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Famous Shipwreck Poems by Famous Poets

These are examples of famous Shipwreck poems written by some of the greatest and most-well-known modern and classical poets. PoetrySoup is a great educational poetry resource of famous shipwreck poems. These examples illustrate what a famous shipwreck poem looks like and its form, scheme, or style (where appropriate).

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by Clampitt, Amy
...fling its millenniums
of quartz, granite, and basalt.
 It behaves
toward the permutations of novelty—
driftwood and shipwreck, last night's
beer cans, spilt oil, the coughed-up
residue of plastic—with random
impartiality, playing catch or tag
ot touch-last like a terrier,
turning the same thing over and over,
over and over. For the ocean, nothing
is beneath consideration.
 The houses
of so many mussels and periwinkles
have been abandoned here, it's hopeless
to kno...Read More

by Robinson, Edwin Arlington
...hell, shall he create
A madness or a gloom to shut quite out
A cleaving daylight, and a last great calm
Triumphant over shipwreck and all storms.
He might have given Aristotle creeps,
But surely would have given him his katharsis.

He'll not be going yet. There's too much yet
Unsung within the man. But when he goes,
I'd stake ye coin o' the realm his only care
For a phantom world he sounded and found wanting
Will be a portion here, a portion there,
Of this or ...Read More

by Agustini, Delmira
...awaits me in unseen worlds?Perhaps a freshly picked bouquet of fragrant laurels,The golden fleece, a diamond scepter,A shipwreck, or the eternal crown of the Anointed Ones?… ...Read More

by Donne, John
Of springs, snares, fetters and manacles;
The brow becalms us when 'tis smooth and plain,
And when 'tis wrinkled shipwrecks us again— 
Smooth, 'tis a paradise where we would have
Immortal stay, and wrinkled 'tis our grave.
The nose (like to the first meridian) runs
Not 'twixt an East and West, but 'twixt two suns;
It leaves a cheek, a rosy hemisphere,
On either side, and then directs us where
Upon the Islands Fortunate we fall,
(Not faint Canaries, but Ambrosial)
H...Read More

by Tennyson, Alfred Lord
...damsel in the port,
And Philip Ray the miller's only son,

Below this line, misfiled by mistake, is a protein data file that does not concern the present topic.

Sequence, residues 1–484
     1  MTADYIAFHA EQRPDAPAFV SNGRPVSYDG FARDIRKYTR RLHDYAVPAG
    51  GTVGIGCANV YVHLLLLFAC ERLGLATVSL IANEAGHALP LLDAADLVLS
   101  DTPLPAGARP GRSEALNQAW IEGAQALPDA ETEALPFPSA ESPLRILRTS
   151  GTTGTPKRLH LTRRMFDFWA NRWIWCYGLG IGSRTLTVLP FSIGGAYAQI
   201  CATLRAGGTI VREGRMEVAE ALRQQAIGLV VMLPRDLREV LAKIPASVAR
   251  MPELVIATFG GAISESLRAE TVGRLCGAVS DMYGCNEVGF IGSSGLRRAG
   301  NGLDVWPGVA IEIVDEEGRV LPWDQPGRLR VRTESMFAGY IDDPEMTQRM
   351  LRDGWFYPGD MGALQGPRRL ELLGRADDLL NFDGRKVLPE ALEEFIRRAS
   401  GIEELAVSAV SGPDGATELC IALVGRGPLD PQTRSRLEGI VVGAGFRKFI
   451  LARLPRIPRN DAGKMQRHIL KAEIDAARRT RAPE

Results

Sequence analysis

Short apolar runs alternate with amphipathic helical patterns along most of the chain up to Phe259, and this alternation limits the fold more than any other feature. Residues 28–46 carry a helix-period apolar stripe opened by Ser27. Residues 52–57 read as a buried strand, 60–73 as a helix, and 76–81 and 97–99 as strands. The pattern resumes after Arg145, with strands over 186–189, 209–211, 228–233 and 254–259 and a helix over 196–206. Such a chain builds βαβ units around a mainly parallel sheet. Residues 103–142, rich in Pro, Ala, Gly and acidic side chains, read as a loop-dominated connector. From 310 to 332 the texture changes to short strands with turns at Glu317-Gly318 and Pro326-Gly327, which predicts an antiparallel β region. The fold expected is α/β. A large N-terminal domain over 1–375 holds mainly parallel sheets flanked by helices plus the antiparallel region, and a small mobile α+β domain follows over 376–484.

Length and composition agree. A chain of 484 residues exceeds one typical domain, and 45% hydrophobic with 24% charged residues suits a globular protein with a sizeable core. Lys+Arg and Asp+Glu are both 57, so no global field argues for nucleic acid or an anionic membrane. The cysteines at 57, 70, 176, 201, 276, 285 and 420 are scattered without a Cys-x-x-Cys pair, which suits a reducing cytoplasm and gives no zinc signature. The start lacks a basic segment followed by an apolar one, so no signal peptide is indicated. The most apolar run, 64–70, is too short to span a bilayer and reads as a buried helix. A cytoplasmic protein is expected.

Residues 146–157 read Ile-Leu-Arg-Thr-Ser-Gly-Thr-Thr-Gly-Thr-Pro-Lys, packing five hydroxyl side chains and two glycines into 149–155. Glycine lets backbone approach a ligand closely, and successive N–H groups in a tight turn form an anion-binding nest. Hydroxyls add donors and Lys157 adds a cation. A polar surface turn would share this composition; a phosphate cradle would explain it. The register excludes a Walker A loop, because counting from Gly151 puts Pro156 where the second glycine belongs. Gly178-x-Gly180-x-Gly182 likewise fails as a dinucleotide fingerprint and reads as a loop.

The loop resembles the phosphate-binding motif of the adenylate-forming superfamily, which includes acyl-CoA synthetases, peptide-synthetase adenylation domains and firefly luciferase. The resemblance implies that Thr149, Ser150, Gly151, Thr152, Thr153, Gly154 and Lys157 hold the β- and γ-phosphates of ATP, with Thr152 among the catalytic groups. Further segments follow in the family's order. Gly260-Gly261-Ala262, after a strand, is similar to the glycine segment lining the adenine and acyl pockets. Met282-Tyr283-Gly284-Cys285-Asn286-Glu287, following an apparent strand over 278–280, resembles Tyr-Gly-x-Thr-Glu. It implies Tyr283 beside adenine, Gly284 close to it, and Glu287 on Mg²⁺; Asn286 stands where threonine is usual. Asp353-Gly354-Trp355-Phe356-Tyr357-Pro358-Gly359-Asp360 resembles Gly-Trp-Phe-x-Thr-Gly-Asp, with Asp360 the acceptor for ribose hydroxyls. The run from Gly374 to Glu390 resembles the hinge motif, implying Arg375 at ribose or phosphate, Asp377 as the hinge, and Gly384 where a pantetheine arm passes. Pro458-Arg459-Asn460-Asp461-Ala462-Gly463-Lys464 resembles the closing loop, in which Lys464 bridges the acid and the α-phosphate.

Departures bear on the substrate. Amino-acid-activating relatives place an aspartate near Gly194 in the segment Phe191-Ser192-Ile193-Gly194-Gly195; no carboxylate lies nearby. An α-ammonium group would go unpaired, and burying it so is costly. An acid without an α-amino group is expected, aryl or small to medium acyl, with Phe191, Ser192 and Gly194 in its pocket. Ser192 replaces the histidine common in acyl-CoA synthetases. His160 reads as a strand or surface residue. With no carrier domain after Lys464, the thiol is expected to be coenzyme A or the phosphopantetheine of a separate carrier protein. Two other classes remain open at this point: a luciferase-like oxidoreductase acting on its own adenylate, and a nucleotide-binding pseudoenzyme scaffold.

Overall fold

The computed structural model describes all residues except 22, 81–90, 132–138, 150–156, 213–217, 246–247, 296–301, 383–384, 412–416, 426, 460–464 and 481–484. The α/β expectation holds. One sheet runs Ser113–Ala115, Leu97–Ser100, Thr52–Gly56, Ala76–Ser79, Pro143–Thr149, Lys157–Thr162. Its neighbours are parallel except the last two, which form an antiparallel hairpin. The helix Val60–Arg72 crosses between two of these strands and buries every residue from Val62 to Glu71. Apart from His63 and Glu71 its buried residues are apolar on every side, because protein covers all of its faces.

And Enoch Arden, a rough sailor's lad
Made orphan by a winter shipwreck, play'd
Among the waste and lumber of the shore,
Hard coils of cordage, swarthy fishing-nets,
Anchors of rusty fluke, and boats updrawn,
And built their castles of dissolving sand
To watch them overflow'd, or following up
And flying the white breaker, daily left
The little footprint daily wash'd away. 

A narrow cave ran in beneath the cliff:
I...Read More

by Marvell, Andrew
Who with mistaken course salute the sand, 
And threatening rocks misapprehend for land, 
While baleful Tritons to the shipwreck guide, 
And corposants along the tackling slide, 
The passengers all wearied out before, 
Giddy, and wishing for the fatal shore, 
Some lusty mate, who with more careful eye 
Counted the hours, and every star did spy, 
The help does from the artless steersman strain, 
And doubles back unto the safer main. 
What though a while they grumble disco...Read More

by Clare, John
...of scorn and noise,
 Into the living sea of waking dreams,
Where there is neither sense of life or joys,
 But the vast shipwreck of my life's esteems;
Even the dearest, that I love the best,
Are strange—nay, rather stranger than the rest.

I long for scenes, where man hath never trod,
 A place where woman never smiled or wept—
There to abide with my Creator, God,
 And sleep as I in childhood sweetly slept,
Untroubling, and untroubled where I lie,
The grass below—above th...Read More

by Thomas, Dylan
...y the fin-green stubble,
Be by the ships' sea broken at the manstring anchored
The stoved bones' voyage downward
In the shipwreck of muscle;
Give over, lovers, locking, and the seawax struggle,
Love like a mist or fire through the bed of eels.

And in the pincers of the boiling circle,
The sea and instrument, nicked in the locks of time,
My great blood's iron single
In the pouring town,
I, in a wind on fire, from green Adam's cradle,
No man more magical, clawed out the cr...Read More

by Desnos, Robert
...ept your presence
Long long ago I went through the surf on a lonely day
The waves were unreal even then
The hulk of the shipwreck you knew about - remember that night of storms and
kisses? - was it a ship or a delicate woman's hat rolled by the wind in the spring
rain? - was there too
After that its happiness and dancing in the hawthornes!
The aperitifs had changed the names and colors
Of the rainbows framing the mirrors.

Long long ago you loved me....Read More

by Brautigan, Richard
...My clumsiest dear, whose hands shipwreck vases,
At whose quick touch all glasses chip and ring,
Whose palms are bulls in china, burs in linen,
And have no cunning with any soft thing